The fact is that all old tea was wet-stored, some of it very much so as it was placed in basements under hills in Hong Kong to accelerate the aging process. "Wet-stored", however, does not always mean a conscientious effort to speed up the aging process. By definition wet-stored tea just means that it was stored in a location with higher than normal humidity (normal being 70-85%, depending who you ask), which sometimes can be the same tea stored on a different shelf - higher or lower, closer or further from the door. It doesn't always happen intentionally. It was often just a part of the natural aging process, not a trick or scheme to make teas seem older. Though such fraudulence did occur, it didn't happen often long ago when Puerh wasn't worth very much. Most of that began after Puerh tea became so popular.
My teacher Huan Chan Fang always says that if you don't like wet-stored Puerh, then you must really hate Ripe (shou) tea, since it is the wettest of the wet. Ripe Puerh was invented to try to reproduce the affects of aging Puerh during the processing itself - artificially fermenting the tea, in other words. The tea is piled in heaps, sometimes moistened and then often covered with thermal blankets, which is why it is sometimes called "cooked" Puerh. The intense heat, moisture and bacteria then ferment the tea partially or completely, depending on the duration. Rather than mimicking the qualities of aged Raw (sheng) Puerh, the manufacturers who invented Ripe tea succeeded only in making a new genre of tea, to be evaluated with its own criteria.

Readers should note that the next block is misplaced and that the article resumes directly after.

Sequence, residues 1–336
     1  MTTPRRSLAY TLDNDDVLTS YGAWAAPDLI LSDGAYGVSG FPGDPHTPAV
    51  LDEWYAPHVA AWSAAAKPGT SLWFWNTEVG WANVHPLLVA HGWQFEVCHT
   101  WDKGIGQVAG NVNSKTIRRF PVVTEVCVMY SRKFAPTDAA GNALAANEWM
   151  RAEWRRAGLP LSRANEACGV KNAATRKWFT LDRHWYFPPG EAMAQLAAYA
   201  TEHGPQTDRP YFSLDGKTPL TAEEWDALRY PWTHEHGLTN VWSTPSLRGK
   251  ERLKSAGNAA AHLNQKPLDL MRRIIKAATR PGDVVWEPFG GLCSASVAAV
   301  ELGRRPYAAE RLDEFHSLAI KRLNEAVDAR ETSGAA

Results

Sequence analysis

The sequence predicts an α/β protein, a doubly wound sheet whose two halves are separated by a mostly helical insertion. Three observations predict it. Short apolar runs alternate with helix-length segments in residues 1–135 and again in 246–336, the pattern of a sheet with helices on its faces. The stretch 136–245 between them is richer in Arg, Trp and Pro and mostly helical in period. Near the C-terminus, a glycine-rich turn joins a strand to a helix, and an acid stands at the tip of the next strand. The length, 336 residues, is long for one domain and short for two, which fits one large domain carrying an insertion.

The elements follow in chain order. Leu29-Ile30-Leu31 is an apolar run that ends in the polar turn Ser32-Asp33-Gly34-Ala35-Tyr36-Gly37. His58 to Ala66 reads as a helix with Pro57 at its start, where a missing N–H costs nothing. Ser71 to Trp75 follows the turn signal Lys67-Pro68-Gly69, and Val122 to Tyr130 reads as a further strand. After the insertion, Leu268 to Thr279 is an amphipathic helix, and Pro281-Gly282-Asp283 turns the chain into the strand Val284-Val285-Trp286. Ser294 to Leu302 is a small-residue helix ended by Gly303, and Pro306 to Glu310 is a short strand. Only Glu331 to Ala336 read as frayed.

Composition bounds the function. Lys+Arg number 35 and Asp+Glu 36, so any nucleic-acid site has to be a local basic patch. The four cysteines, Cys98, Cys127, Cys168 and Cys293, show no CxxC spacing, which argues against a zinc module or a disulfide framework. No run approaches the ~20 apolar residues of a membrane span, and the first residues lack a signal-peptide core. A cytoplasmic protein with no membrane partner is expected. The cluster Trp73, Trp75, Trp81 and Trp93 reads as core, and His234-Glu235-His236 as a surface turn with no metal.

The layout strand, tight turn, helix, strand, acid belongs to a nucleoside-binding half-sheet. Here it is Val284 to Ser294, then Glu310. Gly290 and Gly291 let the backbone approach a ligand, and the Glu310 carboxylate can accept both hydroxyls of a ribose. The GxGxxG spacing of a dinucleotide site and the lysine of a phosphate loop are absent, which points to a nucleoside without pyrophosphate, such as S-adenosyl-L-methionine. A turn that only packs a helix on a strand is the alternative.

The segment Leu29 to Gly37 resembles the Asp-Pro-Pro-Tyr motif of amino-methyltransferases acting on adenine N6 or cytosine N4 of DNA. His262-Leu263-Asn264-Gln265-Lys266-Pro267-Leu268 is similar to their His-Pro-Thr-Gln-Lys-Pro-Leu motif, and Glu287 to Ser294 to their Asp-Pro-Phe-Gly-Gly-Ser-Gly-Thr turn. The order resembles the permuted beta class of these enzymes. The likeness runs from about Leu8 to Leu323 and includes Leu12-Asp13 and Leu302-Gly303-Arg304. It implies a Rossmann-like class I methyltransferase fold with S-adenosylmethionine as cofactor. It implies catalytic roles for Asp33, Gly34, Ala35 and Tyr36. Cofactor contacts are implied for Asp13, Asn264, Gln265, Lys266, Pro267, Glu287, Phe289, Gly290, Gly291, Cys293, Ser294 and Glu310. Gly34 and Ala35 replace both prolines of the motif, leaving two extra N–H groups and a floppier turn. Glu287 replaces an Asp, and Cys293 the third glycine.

One should be willing to try all kinds of Puerh, wet and dry. Often times, the mustiness in wet tea is enjoyable. Even otherwise, it usually washes off after a couple steepings. Furthermore, as Zhou Yu mentioned above, most people who spend large amounts of money on aged Puerh are doing so for the warm feeling and Qi it brings to the body, more so than the flavors. Of course, I am not arguing that dry-stored tea is worse than wet-stored. My point is that I have had atrocious dry-stored tea and plenty of superb wet-stored tea. Usually, if a tea is very, very old then we want the driest, cleanest example. But when the tea isn't quite as old, wetter storage means the astringency and 'cool' nature will be gone, replaced by the rich woody flavors and warm feeling of old Puerhs.